• Printing internal defines isn't supported on Windows.
• The compile times can be significant when compiling for FPGA and using a read-only accessor for a very wide struct. As a workaround, use a read-write accessor instead to address long compile times.
• When you perform FPGA compile and link stages with a single dpcpp command (for example, dpcpp -fintelfpga <other arguments> -Xshardware src/kernel.cpp), if the source code is not located in the current directory, you might observe that the source code browser is missing in the generated FPGA optimization reports. To work around this issue, compile and link the executable in separate stages, as follows:
icpx -fsycl -fintelfpga <other arguments> -Xshardware -c src/kernel.cpp -o kernel.o
icpx -fsycl -fintelfpga <other arguments> -Xshardware -kernel.o
• When compiling for FPGA, the debug support on Windows is unavailable when using device-side libraries. To avoid this issue, do not run a debugger on the emulator platform on Windows.
• The modulefiles-setup.sh script is not supported for FPGA in this release. As a workaround, use the setvars.sh script.

• On Windows, compiling FPGA designs in a directory with a long path name might fail, and you might see the following error:
dpcpp: error: fpga compiler command failed with exit code 1 (use -v to see invocation)
NMAKE : fatal error U1077: ‘…\oneAPI\compiler\latest\windows\bin\dpcpp.EXE' : return code '0x1'

As a workaround, either compile the design in a directory with a short path name or reset TMP and TEMP environment variables to point to a shorter path (for example, C:\temp).

• When using the atomic_fence function for FPGA, the memory_scope::system constraint is not supported. The broadest scope supported is the memory_scope::device constraint. There is no workaround available for this currently.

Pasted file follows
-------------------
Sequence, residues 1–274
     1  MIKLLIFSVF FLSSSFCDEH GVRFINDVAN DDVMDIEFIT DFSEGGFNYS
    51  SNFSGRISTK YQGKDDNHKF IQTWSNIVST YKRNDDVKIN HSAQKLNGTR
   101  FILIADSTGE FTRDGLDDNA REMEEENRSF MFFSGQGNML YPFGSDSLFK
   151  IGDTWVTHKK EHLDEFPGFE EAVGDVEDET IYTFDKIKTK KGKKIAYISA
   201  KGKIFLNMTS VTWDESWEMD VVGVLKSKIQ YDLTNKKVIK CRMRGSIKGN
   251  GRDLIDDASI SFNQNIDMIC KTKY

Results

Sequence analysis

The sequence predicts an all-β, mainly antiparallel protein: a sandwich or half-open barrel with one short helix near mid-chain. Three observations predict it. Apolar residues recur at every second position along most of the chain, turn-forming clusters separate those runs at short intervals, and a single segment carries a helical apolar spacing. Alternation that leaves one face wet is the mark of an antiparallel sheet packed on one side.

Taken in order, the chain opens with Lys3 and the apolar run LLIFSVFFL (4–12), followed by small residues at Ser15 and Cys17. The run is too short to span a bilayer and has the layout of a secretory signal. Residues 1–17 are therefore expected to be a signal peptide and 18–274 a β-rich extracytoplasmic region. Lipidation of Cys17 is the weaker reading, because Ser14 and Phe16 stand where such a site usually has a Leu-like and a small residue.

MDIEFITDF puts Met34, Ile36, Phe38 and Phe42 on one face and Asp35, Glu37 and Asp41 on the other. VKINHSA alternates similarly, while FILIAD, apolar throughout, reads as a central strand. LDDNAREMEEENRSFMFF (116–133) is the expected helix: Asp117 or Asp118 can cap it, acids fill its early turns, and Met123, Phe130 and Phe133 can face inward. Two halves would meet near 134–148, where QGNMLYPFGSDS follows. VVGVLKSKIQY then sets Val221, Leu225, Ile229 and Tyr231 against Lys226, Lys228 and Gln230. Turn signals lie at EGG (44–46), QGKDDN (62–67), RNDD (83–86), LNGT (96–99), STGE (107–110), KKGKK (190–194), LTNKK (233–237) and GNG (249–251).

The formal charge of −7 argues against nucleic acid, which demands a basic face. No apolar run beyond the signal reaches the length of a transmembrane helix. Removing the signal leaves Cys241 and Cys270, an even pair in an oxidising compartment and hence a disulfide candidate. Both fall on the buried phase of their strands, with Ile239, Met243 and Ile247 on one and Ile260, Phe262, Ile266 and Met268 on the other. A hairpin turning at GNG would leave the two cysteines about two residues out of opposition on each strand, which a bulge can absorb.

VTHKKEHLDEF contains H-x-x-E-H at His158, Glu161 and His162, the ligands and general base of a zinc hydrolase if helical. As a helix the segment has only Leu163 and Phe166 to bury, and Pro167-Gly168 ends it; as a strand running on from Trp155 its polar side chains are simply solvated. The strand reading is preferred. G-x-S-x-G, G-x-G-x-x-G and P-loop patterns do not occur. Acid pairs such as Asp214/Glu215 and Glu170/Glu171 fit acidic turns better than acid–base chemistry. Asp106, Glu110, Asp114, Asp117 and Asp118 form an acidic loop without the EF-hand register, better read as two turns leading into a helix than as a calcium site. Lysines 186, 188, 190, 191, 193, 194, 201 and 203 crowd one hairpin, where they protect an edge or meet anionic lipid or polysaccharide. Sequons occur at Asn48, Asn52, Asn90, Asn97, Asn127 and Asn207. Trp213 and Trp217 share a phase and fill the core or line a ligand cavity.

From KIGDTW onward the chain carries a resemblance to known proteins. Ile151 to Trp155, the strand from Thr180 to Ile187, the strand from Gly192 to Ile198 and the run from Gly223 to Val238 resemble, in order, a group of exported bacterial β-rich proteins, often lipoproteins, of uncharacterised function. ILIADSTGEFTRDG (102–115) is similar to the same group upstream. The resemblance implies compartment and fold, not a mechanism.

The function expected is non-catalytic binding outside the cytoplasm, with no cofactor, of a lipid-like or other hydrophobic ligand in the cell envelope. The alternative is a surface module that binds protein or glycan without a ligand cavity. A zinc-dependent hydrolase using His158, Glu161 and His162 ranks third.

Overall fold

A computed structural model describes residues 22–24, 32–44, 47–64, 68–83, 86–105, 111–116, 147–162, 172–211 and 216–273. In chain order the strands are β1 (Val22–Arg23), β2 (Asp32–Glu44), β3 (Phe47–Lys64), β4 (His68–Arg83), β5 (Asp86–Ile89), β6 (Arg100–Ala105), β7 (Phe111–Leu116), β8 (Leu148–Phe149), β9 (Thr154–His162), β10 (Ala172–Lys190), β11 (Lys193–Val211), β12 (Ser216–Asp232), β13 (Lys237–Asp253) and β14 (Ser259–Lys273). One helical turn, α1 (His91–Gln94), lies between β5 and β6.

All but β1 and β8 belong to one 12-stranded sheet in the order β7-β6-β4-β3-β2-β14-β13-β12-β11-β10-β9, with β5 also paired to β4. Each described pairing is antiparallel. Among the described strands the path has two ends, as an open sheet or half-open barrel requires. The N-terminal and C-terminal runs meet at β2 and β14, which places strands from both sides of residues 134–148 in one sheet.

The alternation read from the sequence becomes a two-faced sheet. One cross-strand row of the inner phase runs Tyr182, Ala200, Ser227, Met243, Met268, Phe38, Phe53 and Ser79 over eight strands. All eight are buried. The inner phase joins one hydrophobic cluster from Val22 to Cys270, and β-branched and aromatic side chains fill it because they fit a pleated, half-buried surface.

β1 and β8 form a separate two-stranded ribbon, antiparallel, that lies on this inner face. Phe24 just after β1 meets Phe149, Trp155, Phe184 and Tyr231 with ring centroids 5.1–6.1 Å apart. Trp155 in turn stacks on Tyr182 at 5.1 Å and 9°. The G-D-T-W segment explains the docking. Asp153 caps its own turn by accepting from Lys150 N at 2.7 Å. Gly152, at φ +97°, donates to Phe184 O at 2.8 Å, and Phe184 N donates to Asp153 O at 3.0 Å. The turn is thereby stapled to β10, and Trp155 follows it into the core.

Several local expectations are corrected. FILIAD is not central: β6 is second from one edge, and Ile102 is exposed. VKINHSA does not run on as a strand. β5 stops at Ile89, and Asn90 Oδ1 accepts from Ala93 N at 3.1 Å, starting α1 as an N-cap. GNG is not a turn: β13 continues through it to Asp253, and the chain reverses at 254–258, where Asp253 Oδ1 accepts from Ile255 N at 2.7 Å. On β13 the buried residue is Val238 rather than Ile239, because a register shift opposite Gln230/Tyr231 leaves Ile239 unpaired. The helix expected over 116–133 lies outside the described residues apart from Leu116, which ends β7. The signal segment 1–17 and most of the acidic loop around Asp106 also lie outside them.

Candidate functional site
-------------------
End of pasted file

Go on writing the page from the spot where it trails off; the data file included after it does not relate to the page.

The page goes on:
• When compiling for FPGA, the compiler might produce a different intermediate representation (IR) on Windows than Linux. Misaligned structs cause this issue. As a result, some designs that compile with an II=1 on Linux might have, for example, II=10 on Windows. As a workaround, force an alignment on the misaligned structs, as shown in the following example:

//Code with misaligned struct
struct Item {
bool valid;
int value1;
unsigned char value2;
};

//Forced alignment of the struct
struct Item {
bool valid;
bool __empty__[3];
int value1;
unsigned char value2;
unsigned char __empty2__[3];
}
• The FPGA emulator does not recognize different Avalon interfaces when defining a host pipe. This can lead to unexpected behavior when specifying the Avalon interface type. There is no known workaround for this issue.

• When compiling for FPGA and trying to reduce the II of the II-critical path, the scheduler may return an incorrect II-critical path. This means the compiler reduces the II of the wrong path, and the II goal is not achieved. You might observe this issue only when there are multiple negative cycles in the LSU's critical path. There is no known workaround for this issue. However, your design’s functionality stays unaffected. Performance (QoR) might get degraded slightly.